It’s almost time to kick off Hispanic Heritage Month — and what better way to do so than with an independence day celebration. The barbecuing summer days of the Fourth of July in the U.S. might be behind us, but in Mexico, Central America, and Puerto Rico, the party is just getting started. Trading in the stripes and stars for reds, greens, whites, and blues, here’s how these countries celebrate.
Because we all know Mexican independence is not Cinco de Mayo, right?! — Though we won’t stop you from celebrating with some tequila or mezcal — Mexican independence from Spain is celebrated on September 16. Mexico goes all out in its celebrations with different traditions to satisfy all kinds of partygoers.
For the history buff, you can check out the live streaming of Mexico City’s Independence Day celebrations at the zocalo on Univision. The start of the Mexican Independence movement is attributed to Miguel Hidalgo’s Grito de Dolores in 1810, as he united the Mexican people in fighting against centuries of colonial Spanish rule. Each year cities around Mexico keep up with this tradition known as El Grito with chants of “Viva Mexico” from town squares.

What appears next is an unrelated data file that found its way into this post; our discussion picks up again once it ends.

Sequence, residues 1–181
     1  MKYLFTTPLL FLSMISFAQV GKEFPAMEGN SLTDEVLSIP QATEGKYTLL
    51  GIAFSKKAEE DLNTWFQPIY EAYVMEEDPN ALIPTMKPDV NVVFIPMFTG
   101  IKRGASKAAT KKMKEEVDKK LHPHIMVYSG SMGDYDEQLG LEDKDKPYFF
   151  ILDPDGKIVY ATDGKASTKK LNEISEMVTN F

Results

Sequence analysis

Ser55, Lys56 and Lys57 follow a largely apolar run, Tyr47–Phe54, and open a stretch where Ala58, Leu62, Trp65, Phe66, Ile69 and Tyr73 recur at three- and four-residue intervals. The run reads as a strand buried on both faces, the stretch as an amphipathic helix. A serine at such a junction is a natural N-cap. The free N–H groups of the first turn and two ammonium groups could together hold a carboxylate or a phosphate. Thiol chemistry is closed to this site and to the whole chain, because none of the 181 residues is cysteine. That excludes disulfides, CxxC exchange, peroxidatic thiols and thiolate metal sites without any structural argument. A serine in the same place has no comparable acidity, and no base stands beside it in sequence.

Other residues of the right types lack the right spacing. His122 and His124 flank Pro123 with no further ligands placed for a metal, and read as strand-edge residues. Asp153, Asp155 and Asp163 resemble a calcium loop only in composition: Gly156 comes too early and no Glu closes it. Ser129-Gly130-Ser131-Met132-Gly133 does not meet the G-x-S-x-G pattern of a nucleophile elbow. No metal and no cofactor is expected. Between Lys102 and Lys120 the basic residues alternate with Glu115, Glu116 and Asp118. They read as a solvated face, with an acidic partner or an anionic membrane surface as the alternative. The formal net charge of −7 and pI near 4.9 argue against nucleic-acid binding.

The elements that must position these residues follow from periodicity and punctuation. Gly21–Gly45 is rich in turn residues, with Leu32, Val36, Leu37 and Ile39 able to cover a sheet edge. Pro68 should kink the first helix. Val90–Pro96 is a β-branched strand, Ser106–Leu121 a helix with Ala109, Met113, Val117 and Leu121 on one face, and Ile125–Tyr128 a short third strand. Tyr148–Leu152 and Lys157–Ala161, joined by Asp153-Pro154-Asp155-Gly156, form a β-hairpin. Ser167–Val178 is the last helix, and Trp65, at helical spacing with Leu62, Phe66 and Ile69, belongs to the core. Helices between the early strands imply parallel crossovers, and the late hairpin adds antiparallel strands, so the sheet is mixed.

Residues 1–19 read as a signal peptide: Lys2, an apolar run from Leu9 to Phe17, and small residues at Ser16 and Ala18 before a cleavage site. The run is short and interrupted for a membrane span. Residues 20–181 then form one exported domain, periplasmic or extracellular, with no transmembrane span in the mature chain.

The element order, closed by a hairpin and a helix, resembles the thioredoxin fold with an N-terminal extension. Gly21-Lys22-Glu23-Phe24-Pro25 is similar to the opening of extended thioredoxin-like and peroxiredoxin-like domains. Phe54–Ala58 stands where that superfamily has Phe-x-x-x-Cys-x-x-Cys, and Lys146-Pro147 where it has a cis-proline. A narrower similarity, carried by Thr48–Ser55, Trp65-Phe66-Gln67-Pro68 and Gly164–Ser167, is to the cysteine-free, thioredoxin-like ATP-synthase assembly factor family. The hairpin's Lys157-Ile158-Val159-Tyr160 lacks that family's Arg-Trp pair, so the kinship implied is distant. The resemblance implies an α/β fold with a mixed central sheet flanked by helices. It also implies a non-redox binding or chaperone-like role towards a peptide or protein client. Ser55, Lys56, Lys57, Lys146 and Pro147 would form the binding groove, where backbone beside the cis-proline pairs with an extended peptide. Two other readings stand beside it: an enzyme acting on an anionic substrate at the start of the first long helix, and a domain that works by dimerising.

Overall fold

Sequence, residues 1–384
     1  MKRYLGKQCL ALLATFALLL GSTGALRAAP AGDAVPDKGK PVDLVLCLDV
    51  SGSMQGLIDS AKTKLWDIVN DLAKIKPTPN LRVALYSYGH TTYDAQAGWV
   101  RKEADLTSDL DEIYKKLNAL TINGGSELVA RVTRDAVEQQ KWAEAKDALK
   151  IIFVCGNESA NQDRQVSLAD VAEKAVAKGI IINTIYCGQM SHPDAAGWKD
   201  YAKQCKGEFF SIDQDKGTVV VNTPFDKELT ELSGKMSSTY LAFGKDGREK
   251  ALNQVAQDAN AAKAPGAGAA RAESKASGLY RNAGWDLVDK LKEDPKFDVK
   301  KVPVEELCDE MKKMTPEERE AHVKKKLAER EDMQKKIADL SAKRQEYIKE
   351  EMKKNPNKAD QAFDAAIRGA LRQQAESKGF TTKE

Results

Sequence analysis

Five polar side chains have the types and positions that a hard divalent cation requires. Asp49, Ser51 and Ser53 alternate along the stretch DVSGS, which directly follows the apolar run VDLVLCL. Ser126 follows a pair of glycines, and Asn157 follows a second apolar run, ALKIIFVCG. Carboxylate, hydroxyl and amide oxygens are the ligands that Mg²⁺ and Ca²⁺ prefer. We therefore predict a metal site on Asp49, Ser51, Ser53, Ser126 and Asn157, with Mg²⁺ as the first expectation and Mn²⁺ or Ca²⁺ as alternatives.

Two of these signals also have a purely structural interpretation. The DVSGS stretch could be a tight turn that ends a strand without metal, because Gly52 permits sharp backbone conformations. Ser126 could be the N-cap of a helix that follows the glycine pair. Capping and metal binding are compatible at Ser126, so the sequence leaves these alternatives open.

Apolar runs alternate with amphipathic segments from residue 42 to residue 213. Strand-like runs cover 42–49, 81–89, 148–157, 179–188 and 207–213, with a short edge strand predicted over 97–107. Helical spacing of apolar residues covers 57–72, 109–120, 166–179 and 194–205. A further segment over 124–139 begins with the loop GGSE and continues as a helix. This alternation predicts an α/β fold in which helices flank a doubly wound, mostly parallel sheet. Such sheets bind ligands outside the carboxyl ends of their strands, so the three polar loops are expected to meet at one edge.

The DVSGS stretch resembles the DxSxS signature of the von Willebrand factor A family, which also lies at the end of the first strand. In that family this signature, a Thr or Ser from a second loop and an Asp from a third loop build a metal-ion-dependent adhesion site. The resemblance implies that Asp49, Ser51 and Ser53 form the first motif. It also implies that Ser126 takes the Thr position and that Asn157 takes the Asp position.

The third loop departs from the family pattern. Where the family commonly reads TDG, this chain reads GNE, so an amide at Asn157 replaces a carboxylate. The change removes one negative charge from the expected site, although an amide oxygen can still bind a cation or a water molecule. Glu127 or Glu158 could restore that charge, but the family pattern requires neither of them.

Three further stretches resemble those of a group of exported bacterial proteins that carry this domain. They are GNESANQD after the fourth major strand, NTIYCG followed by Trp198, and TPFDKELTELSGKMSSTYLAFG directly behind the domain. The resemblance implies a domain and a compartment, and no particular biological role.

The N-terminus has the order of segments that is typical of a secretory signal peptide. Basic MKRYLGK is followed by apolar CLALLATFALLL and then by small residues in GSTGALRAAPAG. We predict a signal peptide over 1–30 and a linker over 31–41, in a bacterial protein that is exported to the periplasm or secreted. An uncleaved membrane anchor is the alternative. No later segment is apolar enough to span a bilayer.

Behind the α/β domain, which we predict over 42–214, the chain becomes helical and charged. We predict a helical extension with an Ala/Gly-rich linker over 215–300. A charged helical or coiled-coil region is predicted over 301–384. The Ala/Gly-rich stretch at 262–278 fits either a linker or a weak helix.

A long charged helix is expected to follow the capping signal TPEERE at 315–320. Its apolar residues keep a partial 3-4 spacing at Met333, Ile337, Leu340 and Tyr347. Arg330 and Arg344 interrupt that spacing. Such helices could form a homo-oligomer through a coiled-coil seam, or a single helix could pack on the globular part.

For the foodie, celebrate Mexican independence with a Mexican flag inspired chile en nogada. Legend has it that this popular dish was created by a group of nuns at the Santa Monica Convent in Puebla immediately following the declaration of independence in 1891. And when else would you have the chance to try the sweet, savory, and spicy combination of a cheesy, pomegranate topped pepper?
If you’re more of a straight up disco queen, there are definitely parties for you. Mexico starts the celebrations early—late in the night of September 15. The zocalos, streets, and nightclubs will be packed. Just make sure to avoid that cruda once the actual independence day arrives. And you won’t miss out if you want to join in the fun in the US—with celebrations in L.A., New York, or Chicago.